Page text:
This post is all about surprising postpartum symptoms.
Surprising Postpartum Symptoms
You’re Not Expecting
How little we hear from our healthcare providers and other mamas about postpartum versus how big and often hard of an experience it can be is mindboggling to me. Everyone focuses on you while you’re pregnant and it seems like once you give birth it’s all about the baby. So let’s talk about some rather surprising postpartum symptoms that you might experience, yet are not expecting.
I feel like my understanding of postpartum prior to having my baby compared to my actual experience was quite different. I was interested in the female body, pregnancy, and all that for a while, so I did read and hear about postpartum being called the 4th semester, I heard about baby blues, postpartum depression, diastasis recti, and so on. However, I feel like I’ve experienced more of what I didn’t hear of vs what I did hear of.
The first six weeks after giving birth are called the postpartum period. The first 12 weeks are referred to as the 4th trimester.
You might feel like your best self and return to your regular lifestyle, being intimate included, sooner. Most likely, however, your body and mind will need more than six weeks to heal and adapt.
That is especially true if you’re breastfeeding. In that case, you might get your period way later and won’t fully have your body and lifestyle back until you stop breastfeeding, which can take several months, a year, or even several years.
Moreover, you need to be gentle with yourself as you’ll need more care than others might offer. Everyone, whether it’s doctors or family members, focuses on your well-being while you’re pregnant, cause obviously, your body is going through a lot. Yet I feel like there is not enough emphasis on supporting a woman and her healing body after she gives birth.
Postpartum symptoms most women know about:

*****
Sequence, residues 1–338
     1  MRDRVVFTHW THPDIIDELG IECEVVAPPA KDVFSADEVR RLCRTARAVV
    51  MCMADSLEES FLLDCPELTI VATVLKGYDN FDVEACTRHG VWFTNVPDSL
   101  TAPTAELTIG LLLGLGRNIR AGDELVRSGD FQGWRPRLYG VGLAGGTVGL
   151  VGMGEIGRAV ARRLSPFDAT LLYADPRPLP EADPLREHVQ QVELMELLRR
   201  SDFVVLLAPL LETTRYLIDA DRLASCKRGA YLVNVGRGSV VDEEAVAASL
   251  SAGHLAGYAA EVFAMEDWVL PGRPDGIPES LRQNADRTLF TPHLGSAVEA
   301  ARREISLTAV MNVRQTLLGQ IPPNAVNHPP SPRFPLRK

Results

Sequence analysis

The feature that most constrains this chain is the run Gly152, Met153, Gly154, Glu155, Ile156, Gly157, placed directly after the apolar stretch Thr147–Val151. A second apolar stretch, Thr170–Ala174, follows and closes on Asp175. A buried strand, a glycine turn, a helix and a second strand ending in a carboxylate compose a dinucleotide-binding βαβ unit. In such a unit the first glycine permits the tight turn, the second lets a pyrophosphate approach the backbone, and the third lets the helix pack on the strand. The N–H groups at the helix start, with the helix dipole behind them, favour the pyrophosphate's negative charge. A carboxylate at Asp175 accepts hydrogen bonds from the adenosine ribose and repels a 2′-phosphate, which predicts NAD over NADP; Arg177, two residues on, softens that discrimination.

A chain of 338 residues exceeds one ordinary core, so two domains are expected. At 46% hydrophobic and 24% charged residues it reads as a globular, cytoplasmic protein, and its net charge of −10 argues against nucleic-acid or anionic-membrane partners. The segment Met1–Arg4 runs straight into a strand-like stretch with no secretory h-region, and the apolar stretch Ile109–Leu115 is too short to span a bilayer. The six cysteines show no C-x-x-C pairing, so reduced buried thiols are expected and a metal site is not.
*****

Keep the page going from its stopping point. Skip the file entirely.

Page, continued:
- Vaginal bleeding called lochia
- Engorged breasts
- Body aches and fatigue
- Diastasis recti
- Baby blues
Related blogs you’ll want to check out next:
- All You Need To Know And Have For The First Weeks With Your Newborn (Postpartum & Breastfeeding Tips Included!)
- 50 Pregnancy Affirmations
- 6 Mindsets That Will Help You Look Forward To Labor
Surprising Postpartum Symptoms You’re Not Expecting
Which Are Actually Common
I didn’t hear about postpartum night sweats, I guess at all or if I did I had no idea how intense that can really get. I was so surprised when after a few days or more like 2 weeks after delivery I started to sweat, well, profoundly at night.
Belly bulge for longer than expected
Before giving birth I did see pictures of women’s bellies after delivery and so I knew that I will still have a bulge after giving birth. However, I’ve seen other women losing that round, rather big, and squishy belly within the first few weeks. That was not the case for me.
The way my belly looked after delivery stayed the same size for at least a week and then started to get smaller very, very slowly. I actually had the bulge-looking belly for several weeks and was told I don’t have diastasis recti. Then it slowly started to get smaller and I’d say around 12 weeks postpartum the round bulge was gone and I was left with a squishy, let’s just say a rather unfit-looking belly. I didn’t have “abs” prior but I did have a rather flat stomach with visibly toned obliques.
I never pressured myself to look a certain way postpartum and promised myself to accept my body however it will look after delivery, so this wasn’t something that put me down, but nonetheless, it was really surprising to me.
With all that being said, I just want to encourage you to please be patient and gentle with yourself and let your body do its thing! If you’re determined to get in shape after baby, that is absolutely ok and I believe you can totally do that! Just give yourself time to heal, recover, adapt, and accept the new you before diving into or rather pressuring yourself into a diet or rigorous exercise routine. And make sure to consult any worries or workout plans with your gynecologist and preferably a postnatal physiotherapist.